If Britain wakes up on Friday morning to the news that it has voted itself out of the European Union, about the only thing that everyone is sure to agree on is that the nation will face a protracted political and legal mess.
For all the drama the moment would bring, there would be no instant change. European Union citizens could still come to Britain to live and work without a visa. Trade with the single market would continue unimpeded. Brussels would continue to regulate bananas.
Instead, the process of decoupling would officially begin only when the British government chooses to invoke a previously unused provision of the bloc’s governing treaty, known as Article 50, that sets out the basics of the withdrawal process. The most critical element of Article 50 is that, once invoked, it sets a two-year deadline for a negotiated departure. Beyond that, no one really knows how the process would work, since no country has ever left the European Union. Moreover, it is up to the British government when to invoke Article 50, and it is not entirely clear whether Prime Minister David Cameron, who has led the campaign to stay, would stick to his stated plan to invoke it immediately if the country votes to leave.
In legal terms, the British government is not even bound by the result of Thursday’s referendum, which is generally considered a tossup at this point. In a report for the Constitution Society, Richard Gordon and Rowena Moffat said, “The government could, in strict law, choose to ignore it.” Most members of Parliament – including the majority of the governing Conservatives in the House of Commons and nearly all of the opposition Labour Party – are also opposed to leaving the bloc, though Parliament would probably not get a direct vote on whether or when to invoke Article 50.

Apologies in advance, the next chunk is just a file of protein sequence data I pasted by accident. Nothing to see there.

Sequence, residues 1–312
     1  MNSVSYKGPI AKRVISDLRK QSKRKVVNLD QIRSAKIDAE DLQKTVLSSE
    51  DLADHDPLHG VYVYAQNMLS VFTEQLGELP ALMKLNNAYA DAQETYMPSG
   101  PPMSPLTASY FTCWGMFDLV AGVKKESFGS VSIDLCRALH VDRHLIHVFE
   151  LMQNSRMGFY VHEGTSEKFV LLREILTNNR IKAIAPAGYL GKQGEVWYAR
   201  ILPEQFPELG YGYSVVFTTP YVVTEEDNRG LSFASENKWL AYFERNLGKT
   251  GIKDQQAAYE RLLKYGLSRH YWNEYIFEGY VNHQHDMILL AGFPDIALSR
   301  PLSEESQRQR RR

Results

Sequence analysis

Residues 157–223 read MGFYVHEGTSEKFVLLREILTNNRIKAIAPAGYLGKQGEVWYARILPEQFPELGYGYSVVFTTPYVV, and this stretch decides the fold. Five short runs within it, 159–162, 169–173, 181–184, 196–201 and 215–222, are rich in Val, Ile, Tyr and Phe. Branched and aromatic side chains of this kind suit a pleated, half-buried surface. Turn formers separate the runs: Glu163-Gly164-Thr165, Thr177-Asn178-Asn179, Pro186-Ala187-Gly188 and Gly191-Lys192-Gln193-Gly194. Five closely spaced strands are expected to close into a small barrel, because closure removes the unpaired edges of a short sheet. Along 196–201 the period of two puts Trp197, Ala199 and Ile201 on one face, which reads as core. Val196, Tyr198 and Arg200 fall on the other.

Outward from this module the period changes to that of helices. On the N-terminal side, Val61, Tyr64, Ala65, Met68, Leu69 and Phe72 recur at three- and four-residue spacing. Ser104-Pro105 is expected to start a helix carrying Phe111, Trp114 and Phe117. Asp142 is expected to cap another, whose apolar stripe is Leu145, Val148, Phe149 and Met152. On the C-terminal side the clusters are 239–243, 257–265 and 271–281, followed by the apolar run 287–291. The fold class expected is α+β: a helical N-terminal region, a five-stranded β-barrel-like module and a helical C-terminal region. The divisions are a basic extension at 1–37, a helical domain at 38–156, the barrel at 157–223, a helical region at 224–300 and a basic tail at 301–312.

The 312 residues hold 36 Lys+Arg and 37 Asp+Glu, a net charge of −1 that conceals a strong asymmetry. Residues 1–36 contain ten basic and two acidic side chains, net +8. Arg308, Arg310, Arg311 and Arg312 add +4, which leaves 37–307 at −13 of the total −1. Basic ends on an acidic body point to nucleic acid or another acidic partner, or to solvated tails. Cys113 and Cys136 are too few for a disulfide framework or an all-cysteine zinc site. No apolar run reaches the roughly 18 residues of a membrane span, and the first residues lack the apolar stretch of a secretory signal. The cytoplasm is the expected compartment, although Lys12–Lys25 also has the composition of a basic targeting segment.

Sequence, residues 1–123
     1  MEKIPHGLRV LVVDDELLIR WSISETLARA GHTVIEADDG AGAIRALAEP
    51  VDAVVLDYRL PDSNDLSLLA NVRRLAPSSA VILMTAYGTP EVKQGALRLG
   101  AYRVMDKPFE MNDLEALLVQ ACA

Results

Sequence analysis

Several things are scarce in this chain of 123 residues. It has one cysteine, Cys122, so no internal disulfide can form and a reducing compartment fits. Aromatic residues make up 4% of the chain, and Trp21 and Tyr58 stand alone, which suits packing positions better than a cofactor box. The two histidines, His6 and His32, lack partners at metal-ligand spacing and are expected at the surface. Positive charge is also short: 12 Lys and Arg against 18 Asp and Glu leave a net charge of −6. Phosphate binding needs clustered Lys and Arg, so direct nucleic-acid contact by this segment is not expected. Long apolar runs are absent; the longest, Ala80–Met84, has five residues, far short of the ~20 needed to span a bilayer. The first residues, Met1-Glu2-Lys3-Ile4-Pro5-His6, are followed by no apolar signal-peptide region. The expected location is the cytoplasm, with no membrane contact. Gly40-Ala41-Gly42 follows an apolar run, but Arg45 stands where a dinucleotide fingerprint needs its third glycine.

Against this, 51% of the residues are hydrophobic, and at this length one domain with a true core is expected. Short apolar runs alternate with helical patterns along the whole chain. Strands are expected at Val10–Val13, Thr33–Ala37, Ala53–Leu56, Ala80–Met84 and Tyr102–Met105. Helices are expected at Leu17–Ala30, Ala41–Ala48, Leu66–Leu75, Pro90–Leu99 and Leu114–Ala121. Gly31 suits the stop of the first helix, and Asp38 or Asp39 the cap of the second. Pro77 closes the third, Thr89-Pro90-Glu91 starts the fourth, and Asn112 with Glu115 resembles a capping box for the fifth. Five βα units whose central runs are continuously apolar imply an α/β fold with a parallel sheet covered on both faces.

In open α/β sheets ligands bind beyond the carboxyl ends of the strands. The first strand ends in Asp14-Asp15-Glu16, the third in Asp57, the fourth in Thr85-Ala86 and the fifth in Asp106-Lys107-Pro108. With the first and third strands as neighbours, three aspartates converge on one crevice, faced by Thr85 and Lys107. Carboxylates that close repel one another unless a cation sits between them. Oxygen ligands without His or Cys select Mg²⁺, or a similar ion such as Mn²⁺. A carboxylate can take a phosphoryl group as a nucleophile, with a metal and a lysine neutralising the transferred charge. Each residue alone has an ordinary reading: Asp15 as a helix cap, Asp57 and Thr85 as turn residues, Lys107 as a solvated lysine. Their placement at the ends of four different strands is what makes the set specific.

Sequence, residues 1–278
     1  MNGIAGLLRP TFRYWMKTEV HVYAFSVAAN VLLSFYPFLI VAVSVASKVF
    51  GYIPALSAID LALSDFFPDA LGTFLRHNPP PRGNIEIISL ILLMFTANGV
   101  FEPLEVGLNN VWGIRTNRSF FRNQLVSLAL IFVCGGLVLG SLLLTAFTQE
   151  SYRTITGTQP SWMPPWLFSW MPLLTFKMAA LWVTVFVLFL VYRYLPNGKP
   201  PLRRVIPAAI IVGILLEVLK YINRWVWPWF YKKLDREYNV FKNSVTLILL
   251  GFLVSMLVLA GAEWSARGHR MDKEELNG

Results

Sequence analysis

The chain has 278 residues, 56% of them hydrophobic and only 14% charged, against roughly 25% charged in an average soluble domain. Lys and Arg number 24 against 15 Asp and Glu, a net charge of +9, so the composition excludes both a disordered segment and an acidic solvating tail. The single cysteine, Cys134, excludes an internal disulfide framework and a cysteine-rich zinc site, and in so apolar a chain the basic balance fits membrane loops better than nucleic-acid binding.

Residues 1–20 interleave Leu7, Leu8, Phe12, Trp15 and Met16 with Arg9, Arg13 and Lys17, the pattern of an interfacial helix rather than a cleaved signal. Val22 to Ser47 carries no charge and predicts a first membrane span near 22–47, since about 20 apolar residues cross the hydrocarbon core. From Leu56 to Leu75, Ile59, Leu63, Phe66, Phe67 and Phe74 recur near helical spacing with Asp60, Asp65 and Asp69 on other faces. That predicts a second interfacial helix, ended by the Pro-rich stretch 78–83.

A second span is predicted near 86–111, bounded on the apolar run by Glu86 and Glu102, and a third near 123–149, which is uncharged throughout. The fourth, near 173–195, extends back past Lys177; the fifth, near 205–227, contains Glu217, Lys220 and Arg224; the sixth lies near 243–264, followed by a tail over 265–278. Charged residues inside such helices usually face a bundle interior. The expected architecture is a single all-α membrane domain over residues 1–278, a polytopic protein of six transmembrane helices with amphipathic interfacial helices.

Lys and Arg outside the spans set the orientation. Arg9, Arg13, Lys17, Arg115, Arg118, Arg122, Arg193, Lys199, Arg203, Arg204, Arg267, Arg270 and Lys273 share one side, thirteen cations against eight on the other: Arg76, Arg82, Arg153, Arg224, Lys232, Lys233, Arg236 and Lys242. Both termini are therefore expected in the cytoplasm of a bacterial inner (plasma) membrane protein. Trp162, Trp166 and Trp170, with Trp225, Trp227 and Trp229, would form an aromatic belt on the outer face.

Politically, however, it would be almost impossible to overlook the outcome of the first plebiscite on Britain’s place in Europe in 41 years. “Given the constitutional significance of the issue at stake,” the report’s authors say, “it is inconceivable that the government could choose not to be bound by the result.”
In fact, one of the few certainties about a vote in favour of Britain leaving the European Union – a Brexit – is that initially, at least, it will plunge capitals on both sides of the English Channel, but in Britain in particular, into complex negotiations and political jockeying that could last for years.
Despite Cameron’s plans to invoke Article 50 swiftly after the vote, he would face pressure to delay starting the two-year clock from those in his party who favour leaving.
Their thinking is that before starting the clock, Britain should start informally negotiating a new trade deal with the European Union in tandem with the terms of Britain’s departure from the bloc. They suggest that Britain would lose considerable leverage in negotiating a new trade deal once it was outside the bloc, and that it could get a better trade deal as part of a negotiation that encompasses all aspects of the new cross-channel relationship.
Once the two-year Article 50 term expires, Britain would be outside the single European market for services and become subject to possible tariffs on goods. The pro-departure camp does not want to negotiate a new trade pact with that clock ticking.